AbstractMag Interview Transcript

Angie is an artist working in Greensboro, NC, USA. We were drawn to her expressive and colorful abstract works, and excited to interview her and learn more about her process. She works primarily with acrylic paint. You can find her on Instagram or visit her website and blog.

How did you get involved with art?
I was always painting or drawing as a child. When it clicked in my head that this is something that I loved doing I found myself exploring this world that only I could create and it fascinated me to explore these deeper reaches of my mind. Its kind of like when you think back to your earliest memory and what your mind allows you to remember. What I remember is always making something with my hands.

Where do you derive your inspiration from?
What draws you to work abstractly?
Inspiration comes to me in many forms with my work. Some days Im inspired by a scientific article or feeling the need to express an emotion Im currently feeling at the time. Im even inspired just to paint a color that I find soothing or exciting because, in the end, my Art is like a therapy for my everyday chaotic mind.

I found myself drawn to abstract expressionism because its such a raw way of expressing the movement that my hand wants to inflict and manipulate on the canvas. I have found a serenity in creating these shapes and patterns that undulate and have meaning for me.


Does living in the south impact or influence your art?
I would say that living in the south has a great influence on my art. I like to think that my work is welcoming, just like the home I grew up in where we were always hospitable to everyone who walked into our lives. I never try to make anything too pretentious, Id rather slowly lead someone into this great world I live in and show them around. Growing up I never saw an appreciation for Art in the south unless I sought that community out, its something Id like to change and feel like its more rapidly getting embraced.

How do you work?
I need music when I work. It ranges from trip-hop, experimental mixes, or modern classical. I really get into the zone when Im painting or drawing. For me, the act of making Art is like meditating. Some days it comes to me and makes me feel like Im in nirvana, some days it doesnt and thats ok, too.

 


What is some of the best advice youve been given regarding making art?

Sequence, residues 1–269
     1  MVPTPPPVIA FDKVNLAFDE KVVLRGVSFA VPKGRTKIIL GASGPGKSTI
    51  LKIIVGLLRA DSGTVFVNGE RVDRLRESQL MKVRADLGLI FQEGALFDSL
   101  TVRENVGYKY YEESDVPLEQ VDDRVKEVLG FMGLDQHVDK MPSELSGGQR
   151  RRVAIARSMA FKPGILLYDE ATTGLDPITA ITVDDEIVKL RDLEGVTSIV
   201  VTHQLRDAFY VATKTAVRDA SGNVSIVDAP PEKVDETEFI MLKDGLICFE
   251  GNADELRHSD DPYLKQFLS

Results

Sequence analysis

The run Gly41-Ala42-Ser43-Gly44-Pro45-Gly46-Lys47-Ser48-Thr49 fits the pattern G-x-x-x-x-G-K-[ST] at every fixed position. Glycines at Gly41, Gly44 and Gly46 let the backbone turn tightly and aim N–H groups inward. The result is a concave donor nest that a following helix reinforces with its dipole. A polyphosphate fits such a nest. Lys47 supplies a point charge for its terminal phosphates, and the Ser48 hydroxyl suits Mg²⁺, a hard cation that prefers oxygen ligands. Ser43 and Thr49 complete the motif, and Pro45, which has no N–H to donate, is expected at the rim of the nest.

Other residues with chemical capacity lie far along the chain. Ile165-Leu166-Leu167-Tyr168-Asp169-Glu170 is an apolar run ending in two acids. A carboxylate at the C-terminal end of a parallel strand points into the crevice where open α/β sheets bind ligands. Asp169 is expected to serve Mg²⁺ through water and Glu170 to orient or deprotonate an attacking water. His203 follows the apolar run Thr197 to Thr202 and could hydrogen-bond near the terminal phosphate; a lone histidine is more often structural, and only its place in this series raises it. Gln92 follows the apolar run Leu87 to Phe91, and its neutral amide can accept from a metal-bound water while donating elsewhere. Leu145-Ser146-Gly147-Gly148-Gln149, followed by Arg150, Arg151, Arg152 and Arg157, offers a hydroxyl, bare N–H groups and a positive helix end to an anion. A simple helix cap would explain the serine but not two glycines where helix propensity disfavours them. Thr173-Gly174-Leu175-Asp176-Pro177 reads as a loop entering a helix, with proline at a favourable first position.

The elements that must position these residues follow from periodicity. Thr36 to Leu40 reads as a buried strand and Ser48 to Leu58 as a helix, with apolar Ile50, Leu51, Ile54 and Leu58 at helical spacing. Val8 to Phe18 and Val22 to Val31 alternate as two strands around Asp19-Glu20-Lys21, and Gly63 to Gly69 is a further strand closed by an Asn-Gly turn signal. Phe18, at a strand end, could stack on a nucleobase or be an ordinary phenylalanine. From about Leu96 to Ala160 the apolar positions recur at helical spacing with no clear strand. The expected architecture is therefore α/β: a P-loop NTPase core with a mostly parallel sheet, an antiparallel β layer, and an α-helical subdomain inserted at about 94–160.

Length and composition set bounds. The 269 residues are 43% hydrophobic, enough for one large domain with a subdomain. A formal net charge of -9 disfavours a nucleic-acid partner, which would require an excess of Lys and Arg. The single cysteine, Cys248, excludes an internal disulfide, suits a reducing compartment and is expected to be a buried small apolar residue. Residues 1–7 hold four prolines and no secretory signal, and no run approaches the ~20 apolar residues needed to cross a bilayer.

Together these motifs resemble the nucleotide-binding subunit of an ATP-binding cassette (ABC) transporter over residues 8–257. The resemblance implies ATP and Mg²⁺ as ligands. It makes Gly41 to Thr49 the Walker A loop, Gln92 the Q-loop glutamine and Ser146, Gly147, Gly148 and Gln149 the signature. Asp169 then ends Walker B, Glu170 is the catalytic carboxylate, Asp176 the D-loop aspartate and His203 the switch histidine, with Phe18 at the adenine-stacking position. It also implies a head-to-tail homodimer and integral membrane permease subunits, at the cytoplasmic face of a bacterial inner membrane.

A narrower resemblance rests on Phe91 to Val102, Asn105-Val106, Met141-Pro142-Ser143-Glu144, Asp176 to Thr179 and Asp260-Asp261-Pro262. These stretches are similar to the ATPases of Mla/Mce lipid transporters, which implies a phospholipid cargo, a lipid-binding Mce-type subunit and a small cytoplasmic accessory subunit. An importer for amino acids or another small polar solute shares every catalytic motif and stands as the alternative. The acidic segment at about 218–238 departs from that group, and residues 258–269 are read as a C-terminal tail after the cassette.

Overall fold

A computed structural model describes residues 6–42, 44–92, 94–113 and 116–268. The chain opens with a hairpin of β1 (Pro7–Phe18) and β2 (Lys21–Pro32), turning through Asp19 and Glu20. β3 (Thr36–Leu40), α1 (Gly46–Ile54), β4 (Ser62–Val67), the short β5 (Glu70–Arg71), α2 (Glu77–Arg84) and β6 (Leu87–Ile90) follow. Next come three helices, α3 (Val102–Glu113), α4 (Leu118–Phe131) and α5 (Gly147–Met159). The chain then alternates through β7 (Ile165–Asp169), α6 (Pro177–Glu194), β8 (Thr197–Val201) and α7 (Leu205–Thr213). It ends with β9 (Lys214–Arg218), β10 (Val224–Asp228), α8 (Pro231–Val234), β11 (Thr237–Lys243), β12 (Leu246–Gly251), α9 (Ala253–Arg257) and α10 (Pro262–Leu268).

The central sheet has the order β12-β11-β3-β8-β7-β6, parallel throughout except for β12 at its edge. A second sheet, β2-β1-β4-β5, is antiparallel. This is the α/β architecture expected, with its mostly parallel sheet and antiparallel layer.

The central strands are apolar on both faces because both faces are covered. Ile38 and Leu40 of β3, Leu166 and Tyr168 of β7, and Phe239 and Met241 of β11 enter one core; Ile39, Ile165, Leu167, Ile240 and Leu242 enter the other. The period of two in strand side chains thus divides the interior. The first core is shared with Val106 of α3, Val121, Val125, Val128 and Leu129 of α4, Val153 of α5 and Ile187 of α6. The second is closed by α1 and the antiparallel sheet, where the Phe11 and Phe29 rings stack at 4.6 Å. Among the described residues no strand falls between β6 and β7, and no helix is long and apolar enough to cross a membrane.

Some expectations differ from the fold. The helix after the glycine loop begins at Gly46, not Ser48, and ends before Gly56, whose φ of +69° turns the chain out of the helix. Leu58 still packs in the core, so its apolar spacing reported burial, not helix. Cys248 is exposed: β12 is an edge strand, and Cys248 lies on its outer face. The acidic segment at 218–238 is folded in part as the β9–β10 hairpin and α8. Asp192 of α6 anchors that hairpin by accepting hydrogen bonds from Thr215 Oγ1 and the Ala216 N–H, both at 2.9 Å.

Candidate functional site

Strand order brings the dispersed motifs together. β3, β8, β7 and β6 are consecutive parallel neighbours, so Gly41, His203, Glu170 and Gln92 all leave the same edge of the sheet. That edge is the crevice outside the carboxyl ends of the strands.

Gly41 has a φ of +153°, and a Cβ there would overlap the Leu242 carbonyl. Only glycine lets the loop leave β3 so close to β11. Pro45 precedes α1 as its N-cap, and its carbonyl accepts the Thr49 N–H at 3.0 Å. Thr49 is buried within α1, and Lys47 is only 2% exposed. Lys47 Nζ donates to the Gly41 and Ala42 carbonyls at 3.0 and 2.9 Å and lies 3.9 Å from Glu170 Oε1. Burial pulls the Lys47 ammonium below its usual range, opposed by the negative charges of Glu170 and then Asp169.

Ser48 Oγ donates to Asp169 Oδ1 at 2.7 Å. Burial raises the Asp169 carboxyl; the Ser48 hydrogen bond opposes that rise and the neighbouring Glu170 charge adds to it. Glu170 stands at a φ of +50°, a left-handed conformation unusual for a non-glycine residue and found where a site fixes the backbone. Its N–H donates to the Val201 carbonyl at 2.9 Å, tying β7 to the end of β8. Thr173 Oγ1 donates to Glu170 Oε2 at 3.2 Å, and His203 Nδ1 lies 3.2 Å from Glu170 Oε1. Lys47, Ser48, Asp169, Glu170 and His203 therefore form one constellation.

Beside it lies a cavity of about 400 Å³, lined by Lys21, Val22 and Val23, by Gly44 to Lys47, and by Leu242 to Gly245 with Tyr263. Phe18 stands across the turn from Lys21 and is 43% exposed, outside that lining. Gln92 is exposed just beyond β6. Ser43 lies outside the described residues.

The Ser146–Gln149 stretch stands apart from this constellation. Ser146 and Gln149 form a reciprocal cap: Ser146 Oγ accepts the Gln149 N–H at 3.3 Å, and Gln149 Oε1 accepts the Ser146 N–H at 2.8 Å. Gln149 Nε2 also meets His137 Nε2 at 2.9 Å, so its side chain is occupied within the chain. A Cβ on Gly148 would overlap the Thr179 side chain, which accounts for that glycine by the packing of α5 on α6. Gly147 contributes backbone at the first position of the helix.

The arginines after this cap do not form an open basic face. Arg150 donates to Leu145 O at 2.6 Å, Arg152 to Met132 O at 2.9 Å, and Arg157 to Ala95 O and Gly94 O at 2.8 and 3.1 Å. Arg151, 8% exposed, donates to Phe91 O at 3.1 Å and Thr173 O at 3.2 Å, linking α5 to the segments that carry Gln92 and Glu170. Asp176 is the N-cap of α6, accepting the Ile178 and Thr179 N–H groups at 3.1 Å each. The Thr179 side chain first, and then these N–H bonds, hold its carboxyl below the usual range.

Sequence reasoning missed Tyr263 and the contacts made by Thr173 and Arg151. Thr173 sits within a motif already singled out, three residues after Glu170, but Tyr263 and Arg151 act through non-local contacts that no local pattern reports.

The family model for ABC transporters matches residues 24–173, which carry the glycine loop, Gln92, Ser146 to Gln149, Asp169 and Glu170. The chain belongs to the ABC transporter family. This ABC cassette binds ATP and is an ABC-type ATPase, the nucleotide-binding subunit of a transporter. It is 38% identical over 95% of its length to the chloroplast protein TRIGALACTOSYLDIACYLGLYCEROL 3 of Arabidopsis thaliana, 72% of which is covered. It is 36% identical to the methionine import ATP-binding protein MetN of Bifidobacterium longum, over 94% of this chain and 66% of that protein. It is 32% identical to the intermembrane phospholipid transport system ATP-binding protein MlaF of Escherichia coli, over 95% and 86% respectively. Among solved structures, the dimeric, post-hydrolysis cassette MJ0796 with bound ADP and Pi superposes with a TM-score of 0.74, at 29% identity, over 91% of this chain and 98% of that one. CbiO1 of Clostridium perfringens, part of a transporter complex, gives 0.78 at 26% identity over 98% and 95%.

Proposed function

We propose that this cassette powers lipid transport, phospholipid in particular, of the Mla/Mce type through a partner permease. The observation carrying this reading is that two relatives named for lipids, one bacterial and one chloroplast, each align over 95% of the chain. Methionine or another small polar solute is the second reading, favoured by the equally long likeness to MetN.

Dont make Art for others, make it for yourself. I received my BFA from Appalachian State University in Graphic Design. With my degree, I was taught to entice the masses with originality and innovation in mind, but with my Art, I was taught to express what I wanted, what I needed, in my own original form and movement.

Do you have creative blocks or feel stuck? If so, what do you do?
Of course! I work a full-time job doing Web Design and sometimes that reality creeps into the one I created in my artistic space. On the days that Ive just felt overwhelmed and I feel like Im wasting time or painting materials I have to find solace in books. Im an avid reader and sometimes when Im in a corner I just need to open a book and find my way back to the easel. I mostly read Horror, Suspense, and Sci-fi, all three genres, in essence, provoke such strong emotions that they recalibrate my mind.

Do you make a living as an artist, or do you also work in another area?
I do have a full-time job as Web Designer. I treat my job like another medium of Art making but, instead of paint or ink I use code and typography to make something beautiful.


Can you talk about your most recent series, Molecular? Is it about the collision of inner vs. outer worlds?
For me Molecular is an acknowledgment of what is going on in our bodies every minute of every day. Life sometimes blinds us to the simplicity and complexities of life that we should generally be amazed by. For me its interesting to ponder about the synapses occurring in my brain, the way I dont have to think about healing myself when I get wounded, my body just heals me on its own.

Angela Barker